Security on BISD trustees’ minds
by Bill Clough
Dec 18, 2013 | 336 views | 0 0 comments | 16 16 recommendations | email to a friend | print
BEEVILLE – A year after the Newtown massacre, the Beeville Independent School District is addressing security on three fronts.

At their regular meeting in late Novemeber, trustees approved:

n Implementation of a security plan to restrict access to the district’s schools.

n A study aimed at re-establishing random drug testing at Moreno and A.C. Jones High School.

n Plugging a policy loophole that had allowed a known sex offender to visit BISD campuses.

Following more than a year of research plus demonstrations and consultation with each school principal, Erasmo Rodriguez, BISD’s assistant superintendent, and district architect David Brown offered their plan to enhance security at campus sites within the board’s budget.

Basically, the plan calls for installation of an Aiphone System, a video intercom in a central office of each school that allows the operator to control access.

“It’s not 100 percent foolproof,” Brown told the board, “but it’s a beginning. It won’t break the bank.”

The cost for equipping all BISD schools with the system is around $200,000.

Trustee Kevin Behr, a professional law enforcement officer, expressed doubts about the proposed entry system.

“All it is, is an expensive intercom,” he says. “Instead of having them installed at various doors on every campus, why not just put up a sign that says ‘come to the front entrance?’”

Behr jokingly told the board that, as a law enforcement officer, he would prefer to see every school surrounded by a 10-foot fence with angled razor wire.

Rodriguez replied that fences send negative messages.

Behr admitted such a hardened fence might not be pleasing to the eye.

Trustee Matt Huie suggested that security systems be installed at all the campuses, except the high school, to allow any problems to be ironed out.

“There’s just so many holes at the high school,” he said. “It just seems like a logistical nightmare.”

Brown agreed, noting that any high school facility always is more difficult and more expensive.

In addition to installing Aiphone entry equipment at the high school doors, the security plan also calls for restricting access to the school’s parking lot during school hours.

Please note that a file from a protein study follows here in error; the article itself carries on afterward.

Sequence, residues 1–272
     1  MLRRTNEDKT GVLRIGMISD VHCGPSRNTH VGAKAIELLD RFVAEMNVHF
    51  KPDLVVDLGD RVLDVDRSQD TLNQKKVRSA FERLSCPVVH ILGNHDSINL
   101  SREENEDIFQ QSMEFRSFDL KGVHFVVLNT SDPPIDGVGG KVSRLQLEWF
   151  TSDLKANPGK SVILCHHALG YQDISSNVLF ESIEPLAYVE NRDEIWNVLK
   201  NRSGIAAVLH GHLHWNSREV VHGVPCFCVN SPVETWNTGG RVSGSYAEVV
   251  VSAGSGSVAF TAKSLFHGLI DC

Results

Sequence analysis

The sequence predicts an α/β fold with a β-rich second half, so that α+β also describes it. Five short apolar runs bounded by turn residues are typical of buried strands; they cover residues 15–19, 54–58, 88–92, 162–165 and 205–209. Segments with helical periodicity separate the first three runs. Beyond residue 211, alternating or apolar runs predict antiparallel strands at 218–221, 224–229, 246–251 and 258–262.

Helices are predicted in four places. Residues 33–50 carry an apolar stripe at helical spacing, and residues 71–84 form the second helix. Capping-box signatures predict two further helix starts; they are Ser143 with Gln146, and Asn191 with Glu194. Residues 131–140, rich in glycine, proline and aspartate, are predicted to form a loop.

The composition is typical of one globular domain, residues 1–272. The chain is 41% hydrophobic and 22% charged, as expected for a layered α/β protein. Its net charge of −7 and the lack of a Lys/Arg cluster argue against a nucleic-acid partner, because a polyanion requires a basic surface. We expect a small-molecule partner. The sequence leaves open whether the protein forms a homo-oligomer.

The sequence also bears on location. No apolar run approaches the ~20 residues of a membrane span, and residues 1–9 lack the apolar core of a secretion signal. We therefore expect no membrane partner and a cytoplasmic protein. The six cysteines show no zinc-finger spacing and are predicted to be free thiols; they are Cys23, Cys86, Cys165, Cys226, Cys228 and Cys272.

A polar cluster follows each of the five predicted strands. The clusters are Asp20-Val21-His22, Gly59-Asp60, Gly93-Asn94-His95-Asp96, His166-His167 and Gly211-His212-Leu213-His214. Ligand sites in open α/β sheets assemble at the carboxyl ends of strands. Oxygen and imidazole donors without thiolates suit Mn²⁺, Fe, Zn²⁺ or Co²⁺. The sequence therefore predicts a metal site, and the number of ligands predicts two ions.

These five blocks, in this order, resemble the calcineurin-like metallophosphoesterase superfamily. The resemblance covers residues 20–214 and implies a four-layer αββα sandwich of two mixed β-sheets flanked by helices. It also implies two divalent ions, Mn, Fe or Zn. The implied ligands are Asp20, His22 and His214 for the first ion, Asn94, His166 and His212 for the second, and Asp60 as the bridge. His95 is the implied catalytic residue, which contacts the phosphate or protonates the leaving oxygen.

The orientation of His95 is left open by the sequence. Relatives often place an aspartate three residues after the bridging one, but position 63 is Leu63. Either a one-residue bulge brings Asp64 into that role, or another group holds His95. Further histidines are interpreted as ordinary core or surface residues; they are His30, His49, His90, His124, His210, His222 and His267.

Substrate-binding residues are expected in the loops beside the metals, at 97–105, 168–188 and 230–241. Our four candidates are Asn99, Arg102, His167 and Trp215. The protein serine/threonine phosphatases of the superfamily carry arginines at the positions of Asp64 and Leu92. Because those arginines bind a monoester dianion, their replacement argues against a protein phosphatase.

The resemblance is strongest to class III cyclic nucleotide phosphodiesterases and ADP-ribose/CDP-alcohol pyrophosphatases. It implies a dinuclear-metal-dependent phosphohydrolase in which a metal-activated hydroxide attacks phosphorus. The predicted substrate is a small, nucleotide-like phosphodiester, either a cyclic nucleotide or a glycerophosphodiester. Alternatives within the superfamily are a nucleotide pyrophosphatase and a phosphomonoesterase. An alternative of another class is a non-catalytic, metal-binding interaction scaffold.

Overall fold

The board told Erasmo to take the next step, which Rodriguez said was to prepare a detailed bid for the installation.

“We’re on a fast track now,” he said.

The board also asked Superintendent Dr. Sue Thomas to form a committee consisting of teachers, students, parents and at least one board member to examine the district’s policy on random drug testing on students involved in UIL activities.

Such testing is not new to the district, Thomas told the board, noting that it was discontinued some years ago because of budgetary constraints.

Thomas said she was asking for the testing to be reinstated, citing numerous requests from teachers asking for it.

“This might be a partial solution to some of the drug problems we have in the school and in the community,” Thomas said.

While legal restraints exist that prohibits drug testing of an entire student body, linking such testing to students involved in UIL activities would guarantee that a majority of students would be subject to the testing.

If adopted, the testing would involve both high school and middle school students.

“This is a positive step,” Behr told the trustees. “I’m not so naive to not think that the drug problem will go away, but it will make it a drug-free requirement to participate in a lot of school activities.”

The trustees named Behr to represent the board on the committee.

Thomas pointed out that such a requirement gave students an excuse to decline any offer to experiment with drugs.

Each test would cost the district around $20.

As often is the case at BISD board meetings, Huie viewed the suggestion from a financial perspective. “We need to recognize that, if we’re going to do it right, we’ll have to spend some money,” he said. “It will have budget implications.”

Following a review of the previous drug testing policy, the committee will be charged in proposing a revised, up-to-date version that Thomas hopes can be implemented at the beginning of the 2014 school year.

What appeared as a mundane item on the agenda, a revision of district policy, was to plug a loophole that had left the district no legal standing to prevent a convicted sex offender from visiting a campus.

Thomas explained that the offender, who was the stepparent or the boyfriend of the mother of a child attending school, was visiting a school.

While he was on probation, Thomas explained, she had legal grounds to ask the police to remove him from the campus.

But once the man was off probation, he couldn’t be banned from the campus “because the district did not have a policy in place that specified our procedures as far as sex offenders go.”

Thomas presented a new policy prepared by the district’s attorneys.

“I’m recommending that we pass this new policy of first reading so that…”

“SO MOVED,” Trustee John Fish interrupted.

The vote was unanimous.

Bill Clough is a reporter at the Bee-Picayune and can be reached at 358-2550, ext. 122, or at
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